Afghanistan’s saffron export to Europe and Asia increases by 67%
According to Najla Habib, head of the EPAA, Afghanistan’s saffron export has reached USD 1mn.
EPAA officials called on the government to support farmers and traders to boost saffron export by subsidizing saffron seeds and providing markets for the valuable spice.
Afghanistan’s saffron is sold at around USD 1,400 to USD 2,000 per kilogram and there is a high demand for this product in the international market.
The Agriculture Development Department expects that 5,000 ton saffron will be harvested in 32 provinces of Afghanistan this year.
The spice is certainly a lucrative business to the farmers and given its ability to be grown in a dry environment, it may be a viable alternative for the poppy cultivation in the country.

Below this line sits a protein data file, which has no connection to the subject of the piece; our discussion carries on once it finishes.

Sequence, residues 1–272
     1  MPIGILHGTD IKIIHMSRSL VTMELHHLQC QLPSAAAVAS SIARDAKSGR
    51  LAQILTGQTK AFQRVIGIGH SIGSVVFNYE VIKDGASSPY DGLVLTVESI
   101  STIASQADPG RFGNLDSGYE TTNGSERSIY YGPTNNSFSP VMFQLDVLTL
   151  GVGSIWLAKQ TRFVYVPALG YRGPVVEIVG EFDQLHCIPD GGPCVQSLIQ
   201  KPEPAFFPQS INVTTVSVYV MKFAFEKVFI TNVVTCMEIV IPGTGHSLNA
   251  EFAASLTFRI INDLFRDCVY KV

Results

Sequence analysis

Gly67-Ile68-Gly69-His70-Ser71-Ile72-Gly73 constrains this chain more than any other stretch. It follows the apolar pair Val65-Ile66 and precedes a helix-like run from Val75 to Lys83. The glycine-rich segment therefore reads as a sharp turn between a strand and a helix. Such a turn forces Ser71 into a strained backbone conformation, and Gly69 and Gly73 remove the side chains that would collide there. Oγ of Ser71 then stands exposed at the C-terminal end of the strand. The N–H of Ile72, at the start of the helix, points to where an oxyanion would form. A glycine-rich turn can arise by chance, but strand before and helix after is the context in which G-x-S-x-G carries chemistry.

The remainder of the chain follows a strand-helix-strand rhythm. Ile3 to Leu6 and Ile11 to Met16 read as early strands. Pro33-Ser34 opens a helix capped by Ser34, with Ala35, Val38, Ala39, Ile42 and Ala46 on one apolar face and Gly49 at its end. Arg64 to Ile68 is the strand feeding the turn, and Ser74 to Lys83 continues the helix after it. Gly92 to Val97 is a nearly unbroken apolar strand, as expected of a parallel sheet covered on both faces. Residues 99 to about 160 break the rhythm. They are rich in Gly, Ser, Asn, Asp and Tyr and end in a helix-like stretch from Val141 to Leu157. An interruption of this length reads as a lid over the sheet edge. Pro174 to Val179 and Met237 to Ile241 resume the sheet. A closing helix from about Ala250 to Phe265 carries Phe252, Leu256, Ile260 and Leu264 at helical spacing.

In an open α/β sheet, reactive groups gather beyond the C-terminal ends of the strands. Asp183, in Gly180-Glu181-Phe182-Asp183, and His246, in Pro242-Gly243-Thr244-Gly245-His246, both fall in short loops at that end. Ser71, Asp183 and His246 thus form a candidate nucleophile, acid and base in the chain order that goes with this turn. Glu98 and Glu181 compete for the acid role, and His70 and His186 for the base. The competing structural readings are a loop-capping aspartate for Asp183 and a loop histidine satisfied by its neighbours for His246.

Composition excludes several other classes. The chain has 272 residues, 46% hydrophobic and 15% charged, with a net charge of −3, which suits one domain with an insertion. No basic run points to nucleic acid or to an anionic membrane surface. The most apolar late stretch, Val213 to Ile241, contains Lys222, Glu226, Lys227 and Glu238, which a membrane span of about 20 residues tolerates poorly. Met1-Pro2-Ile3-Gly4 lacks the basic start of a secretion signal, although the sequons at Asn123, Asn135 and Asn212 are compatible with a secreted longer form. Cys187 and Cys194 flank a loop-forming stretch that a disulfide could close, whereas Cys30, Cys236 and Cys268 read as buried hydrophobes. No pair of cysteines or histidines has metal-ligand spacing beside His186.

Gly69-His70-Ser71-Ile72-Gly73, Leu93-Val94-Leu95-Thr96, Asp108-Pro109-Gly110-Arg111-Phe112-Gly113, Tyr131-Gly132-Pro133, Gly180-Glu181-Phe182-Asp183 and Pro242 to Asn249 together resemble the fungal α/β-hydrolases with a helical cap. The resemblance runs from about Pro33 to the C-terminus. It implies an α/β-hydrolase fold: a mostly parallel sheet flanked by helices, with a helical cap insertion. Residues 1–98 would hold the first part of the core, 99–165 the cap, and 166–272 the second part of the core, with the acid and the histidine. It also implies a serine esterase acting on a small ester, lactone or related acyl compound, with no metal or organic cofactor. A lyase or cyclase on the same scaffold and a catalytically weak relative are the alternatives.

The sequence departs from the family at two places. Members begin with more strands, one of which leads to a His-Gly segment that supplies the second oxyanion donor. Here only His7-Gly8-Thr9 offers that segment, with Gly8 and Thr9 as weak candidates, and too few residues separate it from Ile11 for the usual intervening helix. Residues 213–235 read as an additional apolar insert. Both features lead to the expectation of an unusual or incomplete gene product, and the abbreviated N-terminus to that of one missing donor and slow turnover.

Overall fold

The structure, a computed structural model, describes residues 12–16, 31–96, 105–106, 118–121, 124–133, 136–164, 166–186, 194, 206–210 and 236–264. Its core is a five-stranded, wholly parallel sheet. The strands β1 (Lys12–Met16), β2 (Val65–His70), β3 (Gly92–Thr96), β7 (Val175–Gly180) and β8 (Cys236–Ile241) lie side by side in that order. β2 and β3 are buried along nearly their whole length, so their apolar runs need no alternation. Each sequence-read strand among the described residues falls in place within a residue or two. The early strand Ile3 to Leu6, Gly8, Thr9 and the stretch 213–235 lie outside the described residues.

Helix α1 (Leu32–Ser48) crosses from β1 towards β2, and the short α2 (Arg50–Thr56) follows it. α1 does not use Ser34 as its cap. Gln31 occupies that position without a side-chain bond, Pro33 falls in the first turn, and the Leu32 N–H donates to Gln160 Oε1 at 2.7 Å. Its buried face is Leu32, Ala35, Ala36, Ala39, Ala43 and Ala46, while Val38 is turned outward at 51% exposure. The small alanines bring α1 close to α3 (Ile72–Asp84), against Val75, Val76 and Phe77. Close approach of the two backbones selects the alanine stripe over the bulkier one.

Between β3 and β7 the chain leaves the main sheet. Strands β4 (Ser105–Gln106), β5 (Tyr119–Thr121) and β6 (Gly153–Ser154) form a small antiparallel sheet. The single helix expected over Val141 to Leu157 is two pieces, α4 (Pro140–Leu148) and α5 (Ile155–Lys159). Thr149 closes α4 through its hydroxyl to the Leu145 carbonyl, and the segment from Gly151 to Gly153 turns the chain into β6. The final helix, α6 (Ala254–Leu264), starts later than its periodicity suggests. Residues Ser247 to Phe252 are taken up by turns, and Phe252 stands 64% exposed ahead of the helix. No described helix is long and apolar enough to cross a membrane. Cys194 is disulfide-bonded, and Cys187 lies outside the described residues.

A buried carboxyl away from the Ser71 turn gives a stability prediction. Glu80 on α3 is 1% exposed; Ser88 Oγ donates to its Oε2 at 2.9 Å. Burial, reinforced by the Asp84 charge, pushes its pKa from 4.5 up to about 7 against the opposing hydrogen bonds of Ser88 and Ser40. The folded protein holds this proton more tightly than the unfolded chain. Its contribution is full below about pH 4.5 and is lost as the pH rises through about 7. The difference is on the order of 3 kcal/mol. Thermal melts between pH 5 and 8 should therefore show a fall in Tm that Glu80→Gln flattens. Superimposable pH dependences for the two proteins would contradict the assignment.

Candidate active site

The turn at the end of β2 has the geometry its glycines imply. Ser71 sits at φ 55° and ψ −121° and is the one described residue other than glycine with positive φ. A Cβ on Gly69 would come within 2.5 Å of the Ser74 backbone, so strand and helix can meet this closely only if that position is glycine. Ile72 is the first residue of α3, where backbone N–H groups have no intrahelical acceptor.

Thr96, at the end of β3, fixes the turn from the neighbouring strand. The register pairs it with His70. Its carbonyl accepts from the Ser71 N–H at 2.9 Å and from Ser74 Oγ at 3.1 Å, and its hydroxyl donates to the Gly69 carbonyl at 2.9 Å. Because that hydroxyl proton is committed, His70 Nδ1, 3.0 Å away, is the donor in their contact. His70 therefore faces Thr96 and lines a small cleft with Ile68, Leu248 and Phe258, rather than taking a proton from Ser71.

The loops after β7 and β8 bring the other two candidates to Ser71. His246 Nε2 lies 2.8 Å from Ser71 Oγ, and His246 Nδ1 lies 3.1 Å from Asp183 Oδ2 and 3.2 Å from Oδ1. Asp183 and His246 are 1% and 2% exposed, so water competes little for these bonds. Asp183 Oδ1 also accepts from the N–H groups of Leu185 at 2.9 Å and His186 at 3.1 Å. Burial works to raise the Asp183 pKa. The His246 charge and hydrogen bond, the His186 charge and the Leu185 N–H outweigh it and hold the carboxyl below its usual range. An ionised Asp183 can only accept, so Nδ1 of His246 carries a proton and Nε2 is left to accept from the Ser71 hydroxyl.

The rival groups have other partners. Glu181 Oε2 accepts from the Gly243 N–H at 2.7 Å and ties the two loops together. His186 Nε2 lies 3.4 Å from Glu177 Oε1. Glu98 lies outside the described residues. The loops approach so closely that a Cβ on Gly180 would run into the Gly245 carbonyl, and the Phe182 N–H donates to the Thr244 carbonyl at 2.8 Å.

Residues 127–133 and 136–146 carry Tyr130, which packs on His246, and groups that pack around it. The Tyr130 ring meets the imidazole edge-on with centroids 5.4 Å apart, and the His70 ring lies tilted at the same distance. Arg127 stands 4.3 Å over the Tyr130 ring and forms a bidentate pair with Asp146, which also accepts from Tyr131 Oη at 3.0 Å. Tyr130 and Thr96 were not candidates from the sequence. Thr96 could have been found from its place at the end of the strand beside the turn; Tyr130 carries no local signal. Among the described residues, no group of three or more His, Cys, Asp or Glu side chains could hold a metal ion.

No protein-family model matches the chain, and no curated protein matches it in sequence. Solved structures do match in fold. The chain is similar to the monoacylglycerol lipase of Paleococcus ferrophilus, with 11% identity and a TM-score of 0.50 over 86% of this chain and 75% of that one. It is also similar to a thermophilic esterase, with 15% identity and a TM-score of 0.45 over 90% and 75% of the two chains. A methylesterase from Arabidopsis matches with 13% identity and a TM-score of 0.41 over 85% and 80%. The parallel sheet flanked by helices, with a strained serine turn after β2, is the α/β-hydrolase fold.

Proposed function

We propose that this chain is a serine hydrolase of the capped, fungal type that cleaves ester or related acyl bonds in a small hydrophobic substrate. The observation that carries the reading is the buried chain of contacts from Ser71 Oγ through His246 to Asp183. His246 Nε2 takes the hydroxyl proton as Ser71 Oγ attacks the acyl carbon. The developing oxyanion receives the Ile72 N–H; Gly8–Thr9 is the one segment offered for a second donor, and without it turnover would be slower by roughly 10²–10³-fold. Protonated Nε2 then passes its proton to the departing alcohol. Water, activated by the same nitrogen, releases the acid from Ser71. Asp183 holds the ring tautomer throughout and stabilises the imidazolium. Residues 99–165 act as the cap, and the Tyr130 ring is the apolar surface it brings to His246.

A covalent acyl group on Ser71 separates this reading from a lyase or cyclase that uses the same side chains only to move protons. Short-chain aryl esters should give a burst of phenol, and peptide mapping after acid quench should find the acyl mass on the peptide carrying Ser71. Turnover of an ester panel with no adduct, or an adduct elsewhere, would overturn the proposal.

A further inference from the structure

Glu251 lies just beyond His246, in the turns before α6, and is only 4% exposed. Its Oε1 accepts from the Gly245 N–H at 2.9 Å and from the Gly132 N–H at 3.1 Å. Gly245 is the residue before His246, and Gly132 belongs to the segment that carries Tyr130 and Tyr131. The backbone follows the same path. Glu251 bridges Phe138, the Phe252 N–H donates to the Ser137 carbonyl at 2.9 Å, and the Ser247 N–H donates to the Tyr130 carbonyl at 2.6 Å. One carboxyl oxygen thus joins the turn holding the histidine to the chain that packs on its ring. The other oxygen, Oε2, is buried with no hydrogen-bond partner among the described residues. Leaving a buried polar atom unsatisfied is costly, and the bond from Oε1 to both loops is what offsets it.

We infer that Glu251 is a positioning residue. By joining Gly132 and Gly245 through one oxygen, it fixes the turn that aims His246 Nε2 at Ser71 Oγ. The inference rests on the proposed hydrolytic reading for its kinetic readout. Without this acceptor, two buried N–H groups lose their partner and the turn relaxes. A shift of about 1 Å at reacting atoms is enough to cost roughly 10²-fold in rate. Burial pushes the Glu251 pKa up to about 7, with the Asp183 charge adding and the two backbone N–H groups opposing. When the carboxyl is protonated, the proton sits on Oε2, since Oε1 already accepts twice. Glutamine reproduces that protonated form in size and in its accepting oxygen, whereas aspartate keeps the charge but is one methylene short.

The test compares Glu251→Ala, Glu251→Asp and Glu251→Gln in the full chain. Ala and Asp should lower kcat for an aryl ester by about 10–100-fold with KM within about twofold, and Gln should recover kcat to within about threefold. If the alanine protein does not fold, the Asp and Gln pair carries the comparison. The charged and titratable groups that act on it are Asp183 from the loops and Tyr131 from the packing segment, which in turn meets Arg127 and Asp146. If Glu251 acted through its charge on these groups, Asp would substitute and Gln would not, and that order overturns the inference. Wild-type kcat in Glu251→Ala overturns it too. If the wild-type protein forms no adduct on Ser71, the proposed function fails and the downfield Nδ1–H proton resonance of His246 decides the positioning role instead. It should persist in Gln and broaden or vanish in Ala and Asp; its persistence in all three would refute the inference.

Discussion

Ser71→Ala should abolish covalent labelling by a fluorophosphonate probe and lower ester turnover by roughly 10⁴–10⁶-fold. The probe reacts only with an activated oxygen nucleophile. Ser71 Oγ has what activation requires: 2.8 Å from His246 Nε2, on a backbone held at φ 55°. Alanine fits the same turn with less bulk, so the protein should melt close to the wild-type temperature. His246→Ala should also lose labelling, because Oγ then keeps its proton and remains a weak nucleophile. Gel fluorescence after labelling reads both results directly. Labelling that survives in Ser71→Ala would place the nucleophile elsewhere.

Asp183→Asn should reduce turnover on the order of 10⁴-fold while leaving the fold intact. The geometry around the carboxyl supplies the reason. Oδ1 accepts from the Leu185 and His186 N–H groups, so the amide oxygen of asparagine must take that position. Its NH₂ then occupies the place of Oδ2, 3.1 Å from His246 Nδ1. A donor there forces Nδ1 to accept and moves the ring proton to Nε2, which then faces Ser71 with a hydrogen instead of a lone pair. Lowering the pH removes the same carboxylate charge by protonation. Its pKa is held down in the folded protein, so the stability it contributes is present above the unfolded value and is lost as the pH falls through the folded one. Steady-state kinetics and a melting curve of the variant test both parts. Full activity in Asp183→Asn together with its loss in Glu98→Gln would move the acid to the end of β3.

The plant is drought resistant and only needs irrigation twice or three times a year, compared to poppy plants irrigated six times a year. Another advantage is that growing saffron is legal in Islam, unlike poppy that is prohibited.
It is normally cultivated in summer and collected in the last month of fall. It is used in making medicines, adding flavor to food, appetizers, and hot drinks and making perfume. It grows best in areas with light winter weather and dry, hot summers.
Saffron is yet to emerge as a major alternative to poppy cultivation in Afghanistan due to the presence of international drug lords, who control the lucrative drug commerce.
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